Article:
The Painful Road to A Better Egypt

Source:  www.assistnews.net

Date:  2013-07-28

By Lucy Shafik
Special to ASSIST News Service

CAIRO, EGYPT (ANS) -- I woke up this morning to another sad and depressing newsfeed on my phone. Most mornings have become like this. I go to sleep hoping I will wake up to good news, and sometimes I do, but most often I don't.

Morsi supporters demonstrate

Most of the clashes occur at dawn when the pro-Morsi protesters gear up and gather steam and go on marches across Cairo, and after they break their fast at Iftar time (7pm), which is the evening meal when Muslims end their fast during the Islamic month of Ramadan.

They start blocking main roads and sometimes take to violence by attacking passersby whom they consider to be their opponent or a threat. Since this is the month of Ramadan, in which people stay up late and sleep into the day, most of the marches and the peak of the protests are usually after Iftar, which is at 7 pm and continue late into the night.

I live only five minutes away from Rabaa El Adawiya, which is an intersection where all the pro-Morsi supporters have been camped out for the past three weeks. So every night at around 8 pm I begin hearing military helicopters and planes flying low over the Morsi encampment and around my neighborhood. The army has been doing that for the past few weeks to make sure they are not mobilizing for violence or ready to go on a killing spree.

Last night I could hear them again, but this time it was non-stop all through the night and they were circling the area every few minutes. I couldn't sleep and would lie awake, praying and hoping there would be no bloodshed that night. I had a bad feeling that violence could possibly break out since the Muslim Brotherhood are prone to see Egypt's army chief, Abdel Fatah al-Sisi's speech calling for mass demonstrations as a direct threat to them.

He had called for millions of citizens to go out on the streets on Friday to back the military and police, prompting concerns that he is seeking a popular mandate for a violent crackdown on supporters of the overthrown president, Mohamed Morsi.

Men check the IDs of Muslim Brotherhood supporters, said to have been shot in the Egyptian capital after violence erupted the night before, at a field hospital in Cairo, on July 27, 2013.
(Photo: AFP)

So yesterday we had another day of mass demonstrations across Egypt to support the military's decision and give them a mandate and green light to take tough action against terrorists or anyone resorting to violence against civilians. Unfortunately by late into the night after the demos had died down violence broke out between Morsi supporters and security forces.

There are conflicting reports but the Interior Ministry says about 49 people have died and the MB claims 127 dead. In these types of situations the information is never clear until four or five days into the incident. As for what happened, reports say that the pro-Morsi supporters were heading to the 6th of October bridge, a main bridge that connects the city and wanted to make camp there and close off main roads, the police intercepted them and started throwing tear gas at them, then Morsi supporters started firing live ammunition at the police which led to police firing back. The victims are from both sides.

For those criticizing the security forces and their strong use of force, if they won't use it now, when will they? There is a real danger of terrorism in Egypt and the spread of Jihadists and Al Qaeda is now more than ever. The army and the police must use the utmost force against those forces that are out to destroy, kill, and oppress. So it is understandable why Egyptians support the military and state and will continue to do so.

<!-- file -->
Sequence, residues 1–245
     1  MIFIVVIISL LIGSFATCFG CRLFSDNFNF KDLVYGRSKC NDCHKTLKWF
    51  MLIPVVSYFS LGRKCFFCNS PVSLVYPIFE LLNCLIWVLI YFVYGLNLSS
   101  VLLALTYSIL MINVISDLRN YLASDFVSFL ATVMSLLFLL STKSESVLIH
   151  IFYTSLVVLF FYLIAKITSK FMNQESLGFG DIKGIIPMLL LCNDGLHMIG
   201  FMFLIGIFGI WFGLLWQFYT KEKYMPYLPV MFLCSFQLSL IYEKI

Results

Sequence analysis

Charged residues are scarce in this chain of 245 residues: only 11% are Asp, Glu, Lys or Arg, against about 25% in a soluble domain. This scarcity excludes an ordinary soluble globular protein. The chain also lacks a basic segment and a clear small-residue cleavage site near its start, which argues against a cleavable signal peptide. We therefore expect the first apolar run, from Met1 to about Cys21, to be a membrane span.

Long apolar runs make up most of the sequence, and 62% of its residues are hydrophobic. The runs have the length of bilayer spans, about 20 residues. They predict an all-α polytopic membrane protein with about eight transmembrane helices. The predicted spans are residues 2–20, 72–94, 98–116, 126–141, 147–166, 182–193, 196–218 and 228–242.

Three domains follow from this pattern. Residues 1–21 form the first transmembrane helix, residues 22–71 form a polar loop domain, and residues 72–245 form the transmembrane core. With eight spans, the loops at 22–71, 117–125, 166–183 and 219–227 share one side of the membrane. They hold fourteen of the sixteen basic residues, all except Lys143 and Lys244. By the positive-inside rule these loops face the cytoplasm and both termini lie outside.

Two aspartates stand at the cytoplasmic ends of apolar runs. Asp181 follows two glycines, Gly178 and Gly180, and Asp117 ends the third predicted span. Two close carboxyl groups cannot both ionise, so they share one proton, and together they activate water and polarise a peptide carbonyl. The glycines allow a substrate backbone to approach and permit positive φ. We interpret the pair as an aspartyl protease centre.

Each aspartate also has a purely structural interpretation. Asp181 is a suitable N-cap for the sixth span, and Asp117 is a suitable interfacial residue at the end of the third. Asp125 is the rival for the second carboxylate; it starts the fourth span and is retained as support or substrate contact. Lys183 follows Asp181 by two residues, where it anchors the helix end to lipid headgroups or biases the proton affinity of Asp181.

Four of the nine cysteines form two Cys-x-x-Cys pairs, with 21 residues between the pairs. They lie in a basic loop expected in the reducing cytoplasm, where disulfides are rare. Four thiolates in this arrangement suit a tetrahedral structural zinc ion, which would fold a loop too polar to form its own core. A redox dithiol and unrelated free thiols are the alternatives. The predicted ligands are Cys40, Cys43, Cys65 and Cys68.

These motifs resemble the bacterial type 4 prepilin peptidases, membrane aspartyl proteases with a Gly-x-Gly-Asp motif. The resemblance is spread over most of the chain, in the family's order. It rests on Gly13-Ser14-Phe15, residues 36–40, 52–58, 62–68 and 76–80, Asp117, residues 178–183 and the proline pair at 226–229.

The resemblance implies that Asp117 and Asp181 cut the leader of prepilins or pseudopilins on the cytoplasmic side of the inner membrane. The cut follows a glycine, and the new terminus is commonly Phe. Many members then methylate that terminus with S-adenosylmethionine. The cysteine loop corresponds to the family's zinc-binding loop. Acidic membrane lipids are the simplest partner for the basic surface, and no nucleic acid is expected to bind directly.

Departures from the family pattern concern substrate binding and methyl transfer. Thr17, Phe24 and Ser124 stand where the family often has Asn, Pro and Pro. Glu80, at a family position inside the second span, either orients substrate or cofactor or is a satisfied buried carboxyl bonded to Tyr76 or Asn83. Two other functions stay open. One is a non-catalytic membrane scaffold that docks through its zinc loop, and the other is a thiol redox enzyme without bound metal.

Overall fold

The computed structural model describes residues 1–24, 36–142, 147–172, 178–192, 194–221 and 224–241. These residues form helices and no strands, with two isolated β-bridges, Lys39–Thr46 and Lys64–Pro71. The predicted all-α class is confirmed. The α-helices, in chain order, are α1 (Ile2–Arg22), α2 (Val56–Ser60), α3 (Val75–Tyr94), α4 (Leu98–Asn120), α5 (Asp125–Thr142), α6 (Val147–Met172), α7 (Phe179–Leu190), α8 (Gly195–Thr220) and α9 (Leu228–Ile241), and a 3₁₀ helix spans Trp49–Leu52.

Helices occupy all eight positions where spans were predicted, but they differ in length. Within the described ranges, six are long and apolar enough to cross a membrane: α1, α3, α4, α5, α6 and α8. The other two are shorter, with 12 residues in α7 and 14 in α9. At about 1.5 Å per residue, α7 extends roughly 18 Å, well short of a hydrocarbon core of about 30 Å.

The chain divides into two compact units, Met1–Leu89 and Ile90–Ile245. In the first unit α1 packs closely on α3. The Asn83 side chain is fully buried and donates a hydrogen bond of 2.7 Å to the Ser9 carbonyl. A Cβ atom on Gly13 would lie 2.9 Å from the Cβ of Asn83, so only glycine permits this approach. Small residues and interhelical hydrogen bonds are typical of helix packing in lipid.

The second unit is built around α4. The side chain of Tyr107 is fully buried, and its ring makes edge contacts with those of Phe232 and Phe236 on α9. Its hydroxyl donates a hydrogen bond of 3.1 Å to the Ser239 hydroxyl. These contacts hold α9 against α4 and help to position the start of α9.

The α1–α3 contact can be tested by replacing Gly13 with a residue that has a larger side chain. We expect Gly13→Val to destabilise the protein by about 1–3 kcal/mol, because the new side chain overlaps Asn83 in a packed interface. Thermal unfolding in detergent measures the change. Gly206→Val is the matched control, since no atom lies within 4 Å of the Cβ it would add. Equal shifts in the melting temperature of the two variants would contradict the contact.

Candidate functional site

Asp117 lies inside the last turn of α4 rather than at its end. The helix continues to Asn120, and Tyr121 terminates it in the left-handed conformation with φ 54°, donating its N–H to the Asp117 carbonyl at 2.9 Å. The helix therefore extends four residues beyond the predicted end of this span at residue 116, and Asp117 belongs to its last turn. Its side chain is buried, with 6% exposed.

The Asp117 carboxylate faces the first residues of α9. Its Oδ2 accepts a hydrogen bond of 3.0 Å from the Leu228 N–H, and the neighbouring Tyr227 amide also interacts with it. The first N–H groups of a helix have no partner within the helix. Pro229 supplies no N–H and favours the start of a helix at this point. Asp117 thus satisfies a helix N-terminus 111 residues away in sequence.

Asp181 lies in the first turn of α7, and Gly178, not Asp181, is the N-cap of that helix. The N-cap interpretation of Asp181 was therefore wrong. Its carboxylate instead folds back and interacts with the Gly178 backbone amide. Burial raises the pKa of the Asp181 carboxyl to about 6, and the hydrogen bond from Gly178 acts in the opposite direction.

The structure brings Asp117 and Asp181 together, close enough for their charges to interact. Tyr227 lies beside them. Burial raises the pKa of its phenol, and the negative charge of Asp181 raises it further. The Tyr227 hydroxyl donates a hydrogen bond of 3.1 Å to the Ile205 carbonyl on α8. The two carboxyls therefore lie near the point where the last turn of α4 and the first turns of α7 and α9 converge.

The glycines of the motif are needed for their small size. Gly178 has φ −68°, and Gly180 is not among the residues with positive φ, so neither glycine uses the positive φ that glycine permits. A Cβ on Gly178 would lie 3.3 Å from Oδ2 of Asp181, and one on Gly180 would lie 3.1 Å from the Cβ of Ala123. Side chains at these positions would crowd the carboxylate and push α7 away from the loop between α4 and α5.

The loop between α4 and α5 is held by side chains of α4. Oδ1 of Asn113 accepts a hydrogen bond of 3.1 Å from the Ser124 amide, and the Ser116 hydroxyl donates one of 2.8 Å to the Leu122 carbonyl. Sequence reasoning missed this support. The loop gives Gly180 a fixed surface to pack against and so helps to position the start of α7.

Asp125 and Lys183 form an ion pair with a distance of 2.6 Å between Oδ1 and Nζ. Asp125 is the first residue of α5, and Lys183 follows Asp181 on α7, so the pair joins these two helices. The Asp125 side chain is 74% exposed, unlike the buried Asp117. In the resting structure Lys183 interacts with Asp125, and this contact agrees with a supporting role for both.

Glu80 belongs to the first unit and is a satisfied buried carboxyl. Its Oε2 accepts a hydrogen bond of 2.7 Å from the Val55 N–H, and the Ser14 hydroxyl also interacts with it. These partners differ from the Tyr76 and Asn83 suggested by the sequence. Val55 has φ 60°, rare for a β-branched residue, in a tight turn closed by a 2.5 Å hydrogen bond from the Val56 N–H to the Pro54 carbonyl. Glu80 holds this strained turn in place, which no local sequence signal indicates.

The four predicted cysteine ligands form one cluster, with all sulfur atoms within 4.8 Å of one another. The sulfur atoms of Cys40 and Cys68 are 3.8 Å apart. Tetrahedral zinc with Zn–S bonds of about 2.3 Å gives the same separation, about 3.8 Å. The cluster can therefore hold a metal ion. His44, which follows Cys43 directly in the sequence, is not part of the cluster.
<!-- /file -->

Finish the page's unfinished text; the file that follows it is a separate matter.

As I was reading the news this morning my heart sank and even though I was expecting it, the death toll is so high and it's becoming frequent. Every time I think things have calmed down a bit, they get deadly again and it feels like we're back to square one. I know that we're not because what happened on June 30th is nothing short of a miracle, but I still hope the Muslim brotherhood would stop resorting to violence and terrorism and start cooperating with the new government.

Anti-Morsi supporters making their voices known

I wish they would stop their plots, their deception, and their constant distortion of the truth. People across Egypt are beginning to grasp how twisted the Muslim Brotherhood is, but for every non-supporter of the MB there are another three supporters unfortunately.

Estimates say 35 million people participated in the Friday, July 26, demonstrations. That's a huge number and may have even exceeded the number of people who took to the streets on June 30th. My family once again joined the protests at the presidential palace where thousands upon thousands of people streamed into the neighborhood and it was so crowded it took us half an hour to find a parking spot and it wasn't even near the area. Tahrir Square, which is a few kilometers away from the presidential palace and was the epicenter of the Jan. 25 revolution was also jam packed, with every side street full to the brim with people. Many actually fainted from the big crowds, they couldn't breathe!

The military chief, who supported the ouster of president Morsi as per the people's request, gave a televised speech on July 24th. In the speech he encouraged and pleaded with people to take to the streets once again and give a mandate and permission for the military to intervene with the required force and power against any form of terrorism which has been on the rise in Egypt since the ouster of Morsi.